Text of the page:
She had a face like a bulldog, if someone had been cruel enough to stamp on that bulldog with the heel of his boot—lantern jaw, bulbous nose, heavy bags under deep-set eyes. Her pear-shaped body sagged, her voice growled and the characters she played often wore their clothes as if a field of potatoes had crawled into a burlap sack and been too tired to crawl out again. But she was a gifted actress—Buster Keaton often called her "the greatest character comedienne I ever saw"—and for a brief time, from 1931 until her death in 1934, Marie Dressler was the most popular actress in America.
It was Dressler's supporting performance in this adaptation of Eugene O'Neill's stage play that, at the unlikely age of 62, set her on the path to stardom.
Anna Christie is the story of an immigrant's daughter, Anna (played by Greta Garbo), who returns to her father for the first time in fifteen years. Each has idealized memories of and hopes for the other only to discover that time hasn't been kind to either of them. It's best known now as Greta Garbo's sound debut—"Give me a whiskey, ginger ale on the side. And don't be stingy, baby"—but it also launched Marie Dressler's comeback and made her the biggest box office draw of the Early Sound Era.
Dressler plays an aging, alcoholic "tramp" named Marthy who's shacking up with the father who suddenly finds her presence embarrassing when he gets news that the daughter he long ago sent to Minnesota to live with relatives is coming to visit.
By chance, the two women meet over a drink and it doesn't take Marthy long to size up Anna as a younger version of herself. They meet again later, in a scene screenwriter Frances Marion invented especially for Dressler, after Anna has met yet another man who has an idealized view of her and Marthy reminds her that life is too short to spend it apologizing for who you are and pretending to be something else, a brief but important scene that illuminates Anna's subsequent actions.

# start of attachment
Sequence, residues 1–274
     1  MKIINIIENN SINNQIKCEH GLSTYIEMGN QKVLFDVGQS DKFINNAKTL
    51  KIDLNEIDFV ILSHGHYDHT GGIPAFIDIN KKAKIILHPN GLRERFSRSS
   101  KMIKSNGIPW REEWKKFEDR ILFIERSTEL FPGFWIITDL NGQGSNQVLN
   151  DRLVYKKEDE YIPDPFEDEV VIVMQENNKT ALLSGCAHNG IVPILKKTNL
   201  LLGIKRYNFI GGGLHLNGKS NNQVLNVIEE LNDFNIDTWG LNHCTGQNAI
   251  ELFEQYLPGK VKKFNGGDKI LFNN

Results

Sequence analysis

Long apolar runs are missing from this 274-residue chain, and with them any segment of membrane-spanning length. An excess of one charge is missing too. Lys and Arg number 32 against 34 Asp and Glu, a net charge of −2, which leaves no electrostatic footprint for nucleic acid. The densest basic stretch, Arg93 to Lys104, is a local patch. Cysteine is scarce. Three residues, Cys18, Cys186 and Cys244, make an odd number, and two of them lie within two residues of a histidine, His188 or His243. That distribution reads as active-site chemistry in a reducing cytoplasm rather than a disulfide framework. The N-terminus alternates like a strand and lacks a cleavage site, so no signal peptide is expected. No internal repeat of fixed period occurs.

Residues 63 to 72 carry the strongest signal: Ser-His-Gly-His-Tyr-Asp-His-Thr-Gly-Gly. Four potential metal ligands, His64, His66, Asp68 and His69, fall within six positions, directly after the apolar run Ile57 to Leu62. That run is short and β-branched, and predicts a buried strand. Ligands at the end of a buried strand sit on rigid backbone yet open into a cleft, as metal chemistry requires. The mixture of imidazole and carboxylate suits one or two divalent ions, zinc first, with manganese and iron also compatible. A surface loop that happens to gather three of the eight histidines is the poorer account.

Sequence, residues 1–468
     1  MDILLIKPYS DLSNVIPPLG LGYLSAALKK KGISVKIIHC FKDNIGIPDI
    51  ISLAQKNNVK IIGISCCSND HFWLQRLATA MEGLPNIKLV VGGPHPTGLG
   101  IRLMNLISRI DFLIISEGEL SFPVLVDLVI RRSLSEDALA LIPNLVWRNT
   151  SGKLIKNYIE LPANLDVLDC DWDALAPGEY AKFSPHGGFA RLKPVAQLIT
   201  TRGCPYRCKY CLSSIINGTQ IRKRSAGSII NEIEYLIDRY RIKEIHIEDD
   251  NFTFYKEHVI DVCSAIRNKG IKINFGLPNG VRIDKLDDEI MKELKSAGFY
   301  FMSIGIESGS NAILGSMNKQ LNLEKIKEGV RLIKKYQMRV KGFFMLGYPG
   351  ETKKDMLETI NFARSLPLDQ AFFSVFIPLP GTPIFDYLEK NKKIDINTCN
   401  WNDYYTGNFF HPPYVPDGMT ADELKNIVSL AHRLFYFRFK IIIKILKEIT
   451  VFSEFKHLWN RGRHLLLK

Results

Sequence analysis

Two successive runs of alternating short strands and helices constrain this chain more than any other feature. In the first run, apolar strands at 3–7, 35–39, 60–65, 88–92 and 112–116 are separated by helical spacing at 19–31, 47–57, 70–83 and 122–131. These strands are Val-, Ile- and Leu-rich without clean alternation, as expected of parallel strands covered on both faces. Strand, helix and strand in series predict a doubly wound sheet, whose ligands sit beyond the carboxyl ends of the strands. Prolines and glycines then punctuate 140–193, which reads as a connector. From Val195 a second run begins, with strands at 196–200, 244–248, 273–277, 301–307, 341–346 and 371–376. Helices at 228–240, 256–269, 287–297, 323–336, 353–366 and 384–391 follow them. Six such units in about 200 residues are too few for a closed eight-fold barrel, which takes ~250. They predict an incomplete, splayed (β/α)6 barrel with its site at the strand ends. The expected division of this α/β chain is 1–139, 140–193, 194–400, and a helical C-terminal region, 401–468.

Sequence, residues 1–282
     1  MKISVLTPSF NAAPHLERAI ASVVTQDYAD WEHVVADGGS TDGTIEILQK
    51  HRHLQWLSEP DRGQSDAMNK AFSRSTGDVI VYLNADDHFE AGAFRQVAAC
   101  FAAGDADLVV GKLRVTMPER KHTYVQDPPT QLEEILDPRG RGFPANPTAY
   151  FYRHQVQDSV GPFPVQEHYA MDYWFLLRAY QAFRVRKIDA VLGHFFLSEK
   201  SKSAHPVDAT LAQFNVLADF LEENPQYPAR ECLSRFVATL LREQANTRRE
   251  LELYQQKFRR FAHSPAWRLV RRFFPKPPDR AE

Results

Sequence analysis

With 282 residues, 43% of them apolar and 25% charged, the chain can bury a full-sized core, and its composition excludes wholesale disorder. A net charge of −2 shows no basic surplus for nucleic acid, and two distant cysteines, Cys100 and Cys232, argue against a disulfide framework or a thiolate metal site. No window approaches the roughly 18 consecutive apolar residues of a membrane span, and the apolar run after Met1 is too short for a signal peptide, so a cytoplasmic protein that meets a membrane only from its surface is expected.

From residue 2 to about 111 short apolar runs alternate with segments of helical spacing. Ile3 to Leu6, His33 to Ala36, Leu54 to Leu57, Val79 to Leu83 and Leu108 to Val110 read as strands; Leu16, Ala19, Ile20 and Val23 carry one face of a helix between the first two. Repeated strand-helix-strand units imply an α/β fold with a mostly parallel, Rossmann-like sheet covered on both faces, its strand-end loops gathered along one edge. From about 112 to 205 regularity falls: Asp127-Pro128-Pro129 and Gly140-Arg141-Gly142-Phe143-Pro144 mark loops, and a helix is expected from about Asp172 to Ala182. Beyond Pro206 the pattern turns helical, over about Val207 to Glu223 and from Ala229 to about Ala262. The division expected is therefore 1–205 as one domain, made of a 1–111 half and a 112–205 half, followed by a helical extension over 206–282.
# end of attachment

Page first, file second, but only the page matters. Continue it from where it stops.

In their scenes together, Dressler eats the more-celebrated Garbo alive. To be sure Dressler possessed a theatrical talent that straddled the divide between the silent and modern eras, but I distinguish in my mind between an actor who chews scenery (Garbo, still relying on exaggerated, silent film techniques) and a character who chews scenery (Dressler's self-described "wharf rat" who hides her pain beneath a swaggering pose of indifference).
Garbo eventually shed the exaggerated techniques that had served her well during the silent era and mastered the subtleties of the new sound medium. But not before Dressler had bested her in their one head-to-head outing.
Long before Anna Christie, Dressler had starred in the Mack Sennett comedy classic Tillie's Punctured Romance, which also featured Charlie Chaplin in one of his earliest roles. By the end of World War I, though, Dressler had pretty much disappeared from the movies. Reduced to working as a maid, Dressler later admitted she found the fall from stardom so devastating, she had seriously considered suicide.
But back when she was still a star, Dressler had befriended a young, struggling writer from San Francisco named Frances Marion, and when their roles were reversed and Marion was the top writer in Hollywood and Dressler was out of pictures altogether, Marion remembered her old friend and began including parts for her in various comedies. Later, when Marion was adapting Eugene O'Neill's play as the vehicle for Greta Garbo's sound debut, she expanded the part of Marthy specifically with Dressler in mind.
It was a pivotal opportunity for Dressler and proved to be her comeback role.
She starred in a dozen movies over the next three years, including Min and Bill (another Frances Marion screenplay) which won Dressler an Oscar, Emma which secured her a second Oscar nomination, Tugboat Annie with Wallace Beery, and possibly her best role, that of aging stage actress Carlotta Vance in the classic dramedy, Dinner at Eight. Even people who don't know Dressler's name remember the last scene she does with up-and-coming Jean Harlow.
"I was reading a book the other day," says Harlow as the unforgettable social-climbing vamp, Kitty Packard.
"Reading a book?" says Dressler's Vance after the greatest double take in movie history.
"Yes. It's all about civilization or something. A nutty kind of a book. Do you know that the guy says that machinery is going to take the place of every profession?"
Dressler looks Harlow up and down and then says, "Oh, my dear, that's something you need never worry about."
A year later, Dressler was dead of cancer. She was 66.
Note: There were a lot of good choices for supporting actress this year, far too many to write about at any length. In addition to nominees Nina Mae McKinney and Seena Owen (both of whom I will write about in later postings), and, of course, winner Marie Dressler, I also considered the underappreciated Margaret Dumont for her role as Groucho's comic foil in the Marx Brothers' debut film, The Cocoanuts; personal favorite Anita Page as a naive virgin who falls for smoothie Douglas Fairbanks, Jr., in Our Modern Maidens; Lilyan Tashman as a criminal mastermind in Bulldog Drummond; Leila Hyams as the sister of a prison inmate in The Big House; and Alice Roberts as possibly the movie's first onscreen lesbian in Pandora's Box.
Any one of them might be your choice for best supporting actress of the year. You won't get any kick from me.